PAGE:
The Difference Between Independent And Divisional Cavalry
The main difficulty in seeing the distinction between Independent and
Divisional Cavalry consists in our forgetting that we have different
kinds of organizations in the army as well as we have anywhere else. Let
us clearly understand this:
(1) An Infantry Division is composed of nine regiments of infantry, two
of artillery, and one of cavalry.
(2) A Cavalry Division is composed of nine regim
nts of cavalry, one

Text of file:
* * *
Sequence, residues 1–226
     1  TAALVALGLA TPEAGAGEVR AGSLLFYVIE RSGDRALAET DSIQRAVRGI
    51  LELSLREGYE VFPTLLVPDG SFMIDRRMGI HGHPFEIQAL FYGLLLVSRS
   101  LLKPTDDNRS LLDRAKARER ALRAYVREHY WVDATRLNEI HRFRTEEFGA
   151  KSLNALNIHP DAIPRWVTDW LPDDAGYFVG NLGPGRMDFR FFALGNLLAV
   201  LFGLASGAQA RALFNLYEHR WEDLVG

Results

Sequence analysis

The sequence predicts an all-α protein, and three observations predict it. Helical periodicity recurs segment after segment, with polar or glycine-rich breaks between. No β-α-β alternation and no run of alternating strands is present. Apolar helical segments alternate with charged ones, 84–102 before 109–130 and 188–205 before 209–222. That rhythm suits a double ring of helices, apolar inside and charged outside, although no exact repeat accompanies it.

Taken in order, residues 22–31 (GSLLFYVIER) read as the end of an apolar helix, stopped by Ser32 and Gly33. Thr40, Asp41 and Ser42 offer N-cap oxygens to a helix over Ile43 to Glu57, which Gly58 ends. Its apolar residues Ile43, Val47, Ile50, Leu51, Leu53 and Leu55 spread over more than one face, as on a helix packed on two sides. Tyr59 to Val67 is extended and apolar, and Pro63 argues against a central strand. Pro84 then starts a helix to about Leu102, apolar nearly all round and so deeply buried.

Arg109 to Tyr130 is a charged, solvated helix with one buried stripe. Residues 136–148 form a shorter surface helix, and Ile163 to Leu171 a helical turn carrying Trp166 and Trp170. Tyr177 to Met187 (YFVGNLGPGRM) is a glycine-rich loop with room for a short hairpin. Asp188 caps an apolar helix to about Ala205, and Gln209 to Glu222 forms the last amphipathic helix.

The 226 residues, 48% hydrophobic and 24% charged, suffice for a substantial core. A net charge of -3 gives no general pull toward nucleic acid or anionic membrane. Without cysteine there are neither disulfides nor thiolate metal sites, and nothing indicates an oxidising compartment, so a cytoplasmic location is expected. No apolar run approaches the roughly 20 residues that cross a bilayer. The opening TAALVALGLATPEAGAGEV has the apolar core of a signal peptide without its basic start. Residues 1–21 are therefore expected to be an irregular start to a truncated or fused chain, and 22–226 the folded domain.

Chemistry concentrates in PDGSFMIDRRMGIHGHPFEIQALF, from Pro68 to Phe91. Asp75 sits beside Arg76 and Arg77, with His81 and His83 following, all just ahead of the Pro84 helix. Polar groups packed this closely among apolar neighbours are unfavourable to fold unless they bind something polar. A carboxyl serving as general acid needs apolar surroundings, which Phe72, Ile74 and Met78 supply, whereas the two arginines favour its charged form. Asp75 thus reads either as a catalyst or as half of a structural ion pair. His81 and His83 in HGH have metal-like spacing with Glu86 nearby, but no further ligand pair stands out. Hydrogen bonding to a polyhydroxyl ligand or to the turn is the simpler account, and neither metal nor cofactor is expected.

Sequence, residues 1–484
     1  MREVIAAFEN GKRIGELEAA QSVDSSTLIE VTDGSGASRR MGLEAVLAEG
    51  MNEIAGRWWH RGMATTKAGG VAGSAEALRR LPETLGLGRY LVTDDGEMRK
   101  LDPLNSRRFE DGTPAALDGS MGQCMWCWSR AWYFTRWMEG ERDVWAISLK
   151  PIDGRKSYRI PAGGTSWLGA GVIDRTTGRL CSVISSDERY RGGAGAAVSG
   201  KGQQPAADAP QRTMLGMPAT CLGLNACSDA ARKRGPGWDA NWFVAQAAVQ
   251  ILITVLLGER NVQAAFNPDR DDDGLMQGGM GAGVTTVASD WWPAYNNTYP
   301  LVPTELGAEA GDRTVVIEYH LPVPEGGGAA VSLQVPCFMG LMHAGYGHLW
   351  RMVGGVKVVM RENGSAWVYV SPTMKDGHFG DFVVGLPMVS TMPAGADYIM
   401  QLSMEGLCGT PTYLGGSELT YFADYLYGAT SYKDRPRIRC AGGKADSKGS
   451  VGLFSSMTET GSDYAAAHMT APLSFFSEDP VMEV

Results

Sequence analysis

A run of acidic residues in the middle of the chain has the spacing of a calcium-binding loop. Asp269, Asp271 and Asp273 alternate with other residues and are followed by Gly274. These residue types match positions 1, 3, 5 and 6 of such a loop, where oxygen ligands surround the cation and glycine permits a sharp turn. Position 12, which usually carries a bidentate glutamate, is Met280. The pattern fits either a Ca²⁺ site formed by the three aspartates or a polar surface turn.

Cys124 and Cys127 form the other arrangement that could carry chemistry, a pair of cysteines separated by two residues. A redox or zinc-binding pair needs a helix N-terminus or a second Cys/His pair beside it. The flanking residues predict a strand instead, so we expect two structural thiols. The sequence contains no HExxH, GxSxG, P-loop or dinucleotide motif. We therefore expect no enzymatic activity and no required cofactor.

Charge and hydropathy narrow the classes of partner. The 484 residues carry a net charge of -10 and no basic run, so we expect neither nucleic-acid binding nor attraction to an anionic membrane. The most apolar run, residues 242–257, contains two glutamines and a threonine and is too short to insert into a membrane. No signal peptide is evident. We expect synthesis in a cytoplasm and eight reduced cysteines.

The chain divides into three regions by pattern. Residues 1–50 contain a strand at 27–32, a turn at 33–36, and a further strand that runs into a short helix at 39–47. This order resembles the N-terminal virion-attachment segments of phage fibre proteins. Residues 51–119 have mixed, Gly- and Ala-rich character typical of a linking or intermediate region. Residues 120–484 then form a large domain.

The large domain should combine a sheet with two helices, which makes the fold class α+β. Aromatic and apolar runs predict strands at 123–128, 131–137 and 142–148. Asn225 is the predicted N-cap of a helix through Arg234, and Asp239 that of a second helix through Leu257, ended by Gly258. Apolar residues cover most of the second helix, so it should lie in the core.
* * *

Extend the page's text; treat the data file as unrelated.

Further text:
regiment of horse artillery, and no infantry.
The cavalry attached to an Infantry Division is, in general, called
Divisional Cavalry. It operates at but comparatively short distances
from its division, its duties being of a somewhat local nature.
The Independent Cavalry, because it can move so rapidly, is sent far in
advance (thirty, forty, or even fifty or more miles) of the main army to
obtain general information, such as the approximate strength and
location of the enemy's forces. The Division Commander, since he is so
far away from the Commanding General of the army in rear, and since he
has broad general duties to perform, must of necessity have broad powers
and, in general, be permitted to act as the occasion demands. He is,
therefore, said to act independently, and his cavalry is called